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Last Updated: Sunday, 30 May, 2004, 15:08 GMT 16:08 UK
BBC launches UK wildlife campaign
Bill Oddie and robin   BBC
The show will broadcast live from locations around the UK
The BBC is launching an ambitious televised natural history event in a bid to inspire the public to help save some of the UK's threatened species.

Bill Oddie will host three weeks of live broadcasts on the state of British wildlife as part of the BBC's Make Space For Nature Campaign.

The event will ask the public to make one pledge to safeguard some of Britain's most important species.

Programme makers hope this could lead to a "virtual nature reserve".

The campaign will be hosted on the programme Britain Goes Wild With Bill Oddie, which will broadcast live from a variety of different locations around the UK.

Wildlife in gardens and in accessible places is something that enhances our whole quality of life in exactly the same way that football does, or enjoying music
Stephen Moss, BBC Natural History Unit
Oddie and co-presenter Kate Humble will be based at an organic farm in Devon which is equipped with over 100 hidden cameras in nest boxes, trees, bushes and badger setts.

Animals they are hoping to see include the badgers, blue-tits, flycatchers, jackdaws, woodpeckers and perhaps even a barn owl.

The show's roving presenter Simon King will broadcast live from Bass Rock in Scotland, one of the world's largest gannet colonies; a secret peregrine falcon nest in the heart of England; and the London Wetlands Centre, where he will catch up with some urban foxes.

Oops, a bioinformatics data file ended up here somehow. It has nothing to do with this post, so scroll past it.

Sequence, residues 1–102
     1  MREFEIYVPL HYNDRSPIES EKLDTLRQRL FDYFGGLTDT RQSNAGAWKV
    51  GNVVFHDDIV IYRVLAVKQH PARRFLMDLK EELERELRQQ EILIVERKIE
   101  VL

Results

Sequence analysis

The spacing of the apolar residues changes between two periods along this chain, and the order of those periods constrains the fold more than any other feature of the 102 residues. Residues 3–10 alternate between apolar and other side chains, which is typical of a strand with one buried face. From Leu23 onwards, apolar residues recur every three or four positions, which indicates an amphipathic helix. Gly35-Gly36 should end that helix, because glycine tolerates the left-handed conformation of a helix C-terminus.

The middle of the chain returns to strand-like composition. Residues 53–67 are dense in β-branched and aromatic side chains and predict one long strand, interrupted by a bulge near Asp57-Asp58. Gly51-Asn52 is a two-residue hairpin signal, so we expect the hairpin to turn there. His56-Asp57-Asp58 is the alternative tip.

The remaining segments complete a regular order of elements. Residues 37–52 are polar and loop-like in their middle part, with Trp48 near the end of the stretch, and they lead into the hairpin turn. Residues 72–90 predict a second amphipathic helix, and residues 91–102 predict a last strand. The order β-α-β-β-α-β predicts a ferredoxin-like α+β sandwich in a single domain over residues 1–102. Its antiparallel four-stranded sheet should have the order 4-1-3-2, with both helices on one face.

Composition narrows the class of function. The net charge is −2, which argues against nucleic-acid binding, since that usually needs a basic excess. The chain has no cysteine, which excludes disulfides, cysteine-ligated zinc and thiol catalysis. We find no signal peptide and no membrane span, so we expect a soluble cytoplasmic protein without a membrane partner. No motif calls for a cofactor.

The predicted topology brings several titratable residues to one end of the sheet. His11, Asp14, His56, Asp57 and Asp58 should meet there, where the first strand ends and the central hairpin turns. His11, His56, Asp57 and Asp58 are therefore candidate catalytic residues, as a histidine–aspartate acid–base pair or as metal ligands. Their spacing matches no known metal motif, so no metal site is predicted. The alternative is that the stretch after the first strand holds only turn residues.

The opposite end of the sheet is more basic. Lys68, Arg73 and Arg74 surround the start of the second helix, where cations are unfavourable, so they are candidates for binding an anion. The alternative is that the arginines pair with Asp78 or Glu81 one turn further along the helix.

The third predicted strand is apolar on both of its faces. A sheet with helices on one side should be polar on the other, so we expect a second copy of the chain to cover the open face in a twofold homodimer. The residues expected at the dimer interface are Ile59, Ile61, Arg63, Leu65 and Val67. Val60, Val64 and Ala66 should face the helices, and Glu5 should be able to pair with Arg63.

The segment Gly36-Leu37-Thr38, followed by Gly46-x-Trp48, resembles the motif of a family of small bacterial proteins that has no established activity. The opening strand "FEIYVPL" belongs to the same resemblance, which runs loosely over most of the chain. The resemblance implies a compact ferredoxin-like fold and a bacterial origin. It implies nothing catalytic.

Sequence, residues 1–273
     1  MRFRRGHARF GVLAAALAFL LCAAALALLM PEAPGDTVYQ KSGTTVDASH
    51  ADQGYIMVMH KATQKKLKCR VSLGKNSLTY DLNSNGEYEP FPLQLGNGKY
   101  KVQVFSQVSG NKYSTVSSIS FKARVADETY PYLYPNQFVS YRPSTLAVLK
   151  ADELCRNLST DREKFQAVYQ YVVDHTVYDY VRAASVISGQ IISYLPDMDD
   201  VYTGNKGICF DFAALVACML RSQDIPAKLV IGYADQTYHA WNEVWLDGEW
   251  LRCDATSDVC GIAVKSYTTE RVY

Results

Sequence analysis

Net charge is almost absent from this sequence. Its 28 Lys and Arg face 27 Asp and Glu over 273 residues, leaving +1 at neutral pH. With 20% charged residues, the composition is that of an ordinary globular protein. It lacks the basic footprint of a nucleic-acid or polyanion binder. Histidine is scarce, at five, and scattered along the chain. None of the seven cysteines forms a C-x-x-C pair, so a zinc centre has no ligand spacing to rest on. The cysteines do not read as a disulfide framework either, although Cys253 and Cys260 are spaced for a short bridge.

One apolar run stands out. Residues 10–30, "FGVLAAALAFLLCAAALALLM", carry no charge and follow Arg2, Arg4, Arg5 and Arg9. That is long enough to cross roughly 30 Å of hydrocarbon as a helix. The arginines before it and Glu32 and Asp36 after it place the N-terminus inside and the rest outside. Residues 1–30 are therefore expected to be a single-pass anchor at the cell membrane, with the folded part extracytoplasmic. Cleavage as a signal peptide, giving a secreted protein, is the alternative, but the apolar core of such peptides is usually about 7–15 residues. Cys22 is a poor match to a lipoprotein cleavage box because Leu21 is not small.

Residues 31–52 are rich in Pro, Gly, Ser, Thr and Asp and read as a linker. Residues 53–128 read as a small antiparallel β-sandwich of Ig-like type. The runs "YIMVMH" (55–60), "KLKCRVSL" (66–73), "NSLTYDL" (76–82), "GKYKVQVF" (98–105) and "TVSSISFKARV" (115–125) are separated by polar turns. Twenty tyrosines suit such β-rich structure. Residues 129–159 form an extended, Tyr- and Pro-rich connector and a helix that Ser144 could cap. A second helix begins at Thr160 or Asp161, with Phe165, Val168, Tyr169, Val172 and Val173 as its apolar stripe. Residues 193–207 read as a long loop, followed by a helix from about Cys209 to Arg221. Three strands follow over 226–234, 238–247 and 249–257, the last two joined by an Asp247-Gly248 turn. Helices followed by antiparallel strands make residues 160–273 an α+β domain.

The programmes will feature a series of short segments on the status of iconic UK animal species such as otters, nightingales, dormice and parakeets.

Animal soap

"There will be a big soap opera element," said Stephen Moss, wildlife expert at the BBC's Natural History Unit in Bristol. "It is important that viewers get the sense that they can follow individual animals from day to day.

"We will see changes, we will see dramas. Hopefully we will see some of our birds fledging and badgers becoming more independent.

"We want the public to have a greater understanding of British wildlife because there are some very serious issues there."

Simon King and an urban fox
Simon King visits a site in London to catch up with some urban foxes
Mr Moss explained that the Make Space For Nature campaign was important because gardens were arguably Britain's biggest nature reserve, in terms of their combined area.

He added, however, that it was always difficult to assess the success of such campaigns. Nonetheless, numbers of pledges logged by callers, TV viewing figures and website users would give an idea of how much the public had taken the campaign to heart, he said.

"I think in the wider scheme of things, people are beginning to realise that wildlife is part of our whole quality of life," said Mr Moss.

"Wildlife in gardens and in accessible places is something that enhances our whole quality of life in exactly the same way that football does, or enjoying music. They're a reason to live."

One or more follow-up programmes will be screened in the autumn to revisit the animals featured in the series.

Britain Goes Wild With Bill Oddie starts on Monday 31 May at 2000 BST on BBC One.




SEE ALSO:
Camera infiltrates animal world
11 Feb 04  |  Science/Nature
Conservation honour for Oddie
13 Jun 03  |  Manchester
'I stalk animals - with a camera'
03 Oct 02  |  UK News


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